Subi Shah’s Holistic Theory of Nepali Performing Arts: Implications for Research and Teaching

  • Anna Marie Stirr University of Hawaiʻ'i at Manoa, Honolulu, UNITED STATES of AMERICA
Keywords: Cultural Sustainability, Dance, Decolonizing, Drama, Music, Nepal, Performance

Abstract

Subi Shah (1922-2008) was a Nepali performer and educator whose life’s work was to preserve and promote Nepali folk genres of music, song, dance, and drama, especially the wide variety of these that make up the tradition known as Pangdure. Raised in this tradition, he became one of its leading exponents. He did so outside of the academy and was thus free from disciplinary strictures. Although he was consulted and honored by state cultural policymakers in the 1980s and 1990s, many of his contributions remain unrecognized. This study analyzes five of his texts, building on my 20 years of engagement as a scholar and performer with the traditions described therein. The objectives of the study are to identify key aspects of Shah’s theories of performance. The study finds that Shah’s descriptions and analysis of integrated performance practice valorize a performance tradition with its own unique worldviews and theories. It concludes that teaching these worldviews and theories will help maintain the cultural sustainability of this and other Nepali performance traditions, by helping students make connections among the traditionally related aspects of performance: instrumental music, song, poetry, dance, and drama. Further, it demonstrates the broader applicability of Shah’s methods for holistic performance scholarship within and beyond Nepal, which contributes to decolonizing ethnomusicology by centering a non-Western theory and methodology from outside the academy.

 

Downloads

Download data is not yet available.

References

Acharya, G., & Rayamajhi, D. (2017). Magar Jatiko Lokgit tatha Loksangit. Nepal Music Center.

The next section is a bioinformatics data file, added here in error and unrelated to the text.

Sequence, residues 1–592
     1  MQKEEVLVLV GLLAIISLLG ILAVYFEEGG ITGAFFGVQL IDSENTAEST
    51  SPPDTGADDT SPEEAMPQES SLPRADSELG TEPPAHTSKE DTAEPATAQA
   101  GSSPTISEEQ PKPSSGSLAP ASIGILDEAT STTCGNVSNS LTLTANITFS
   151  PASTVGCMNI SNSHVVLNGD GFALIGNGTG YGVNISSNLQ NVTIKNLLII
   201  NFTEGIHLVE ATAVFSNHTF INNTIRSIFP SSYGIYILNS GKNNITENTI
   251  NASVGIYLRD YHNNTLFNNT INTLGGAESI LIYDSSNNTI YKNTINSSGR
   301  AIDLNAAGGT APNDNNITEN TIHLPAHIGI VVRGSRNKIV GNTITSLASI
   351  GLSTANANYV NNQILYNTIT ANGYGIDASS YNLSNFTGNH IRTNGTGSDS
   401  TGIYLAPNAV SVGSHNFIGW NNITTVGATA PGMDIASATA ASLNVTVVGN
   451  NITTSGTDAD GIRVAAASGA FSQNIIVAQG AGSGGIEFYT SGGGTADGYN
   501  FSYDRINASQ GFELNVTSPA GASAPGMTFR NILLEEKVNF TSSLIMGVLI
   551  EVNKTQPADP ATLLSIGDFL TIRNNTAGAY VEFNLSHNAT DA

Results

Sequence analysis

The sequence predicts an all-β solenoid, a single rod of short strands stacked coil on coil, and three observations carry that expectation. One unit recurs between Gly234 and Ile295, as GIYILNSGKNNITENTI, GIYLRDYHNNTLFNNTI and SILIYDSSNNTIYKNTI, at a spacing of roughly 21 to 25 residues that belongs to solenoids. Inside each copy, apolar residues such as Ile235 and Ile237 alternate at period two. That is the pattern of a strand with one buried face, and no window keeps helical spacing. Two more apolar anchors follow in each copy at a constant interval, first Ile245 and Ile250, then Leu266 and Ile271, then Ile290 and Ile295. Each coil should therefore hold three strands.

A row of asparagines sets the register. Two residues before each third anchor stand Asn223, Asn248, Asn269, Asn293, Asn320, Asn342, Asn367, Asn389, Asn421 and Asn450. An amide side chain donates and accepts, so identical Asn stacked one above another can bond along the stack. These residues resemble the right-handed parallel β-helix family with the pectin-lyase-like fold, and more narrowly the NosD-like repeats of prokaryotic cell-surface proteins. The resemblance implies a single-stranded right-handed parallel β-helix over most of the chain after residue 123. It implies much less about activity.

Babiracki, C. (1991). Tribal Music in the Study of Great and Little Traditions of Indian Music. In Comparative Musicology and Anthropology of Music (pp. 69–87). University of Chicago Press.

Bakhle, J. (2005). Two Men and Music. Oxford University Press.

Brown, K. B. (2004). The That System of Seventeenth-Century North Indian Ragas: A Preliminary Report on the Treatises of Kamilkhani. Asian Music, 35(1), 1–13.

Jairazbhoy, N. A. (2008). What Happened to Indian Music Theory? Indo-Occidentalism? Ethnomusicology, 52(3), 329–377.

Mason, M. A., & Turner, R. (2020). Cultural Sustainability: A Framework for Relationships, Understanding, and Action. Journal of American Folklore, 133(527), 81–99.

Mignolo, W. D. (2007). Introduction: Coloniality of Power and De-Colonial Thinking. Cultural Studies, 21(2–3), 155–167.

Mrigendraman, Saptamuni, Shah, S., & Bajracharya, B. (1994). Nrityakala (2nd ed.). Sajha Prakashan.

Nayar, S. (1989). Bhatkande’s Contribution to Music: A Historical Perspective. Popular Prakashan.

Parajuli, M., & Giri, J. D. (2011). Nepali Lok Sahityako Ruprekha. Sajha Prakashan.

Rheinberger, H.-J. (1997). Toward a Theory of Epistemic Things: Synthesizing Proteins in the Test Tube. Stanford University Press.

Royal Nepal Academy. (2003). Brihat Nepali Shabdakosh (6th ed.). Academy Publishers.

Shah, S. B. (n.d). Introduction to Nepali Tunes. Unpublished manuscript.

Shah, S. B. (Subi). (1981). Madal. Sajha Prakashan.

Shah, S. B. (Subi). (2006). Nepali Lokgitko Jhalak. Sajha Prakashan.

Shankar, S. (2012). Flesh and Fish Blood: Postcolonialism, Translation, and the Vernacular. UC Press.

Tingey, C. (1990). Heartbeat of Nepal: The Panchai Baja. Royal Nepal Academy.

Weidman, A. (2007). Singing the Classical, Voicing the Modern. Duke University Press.

Published
2021-06-30
How to Cite
Stirr, A. M. (2021). Subi Shah’s Holistic Theory of Nepali Performing Arts: Implications for Research and Teaching. Jurai Sembah, 2(1), 22-27. https://doi.org/10.37134/juraisembah.vol2.1.3.2021
Section
Articles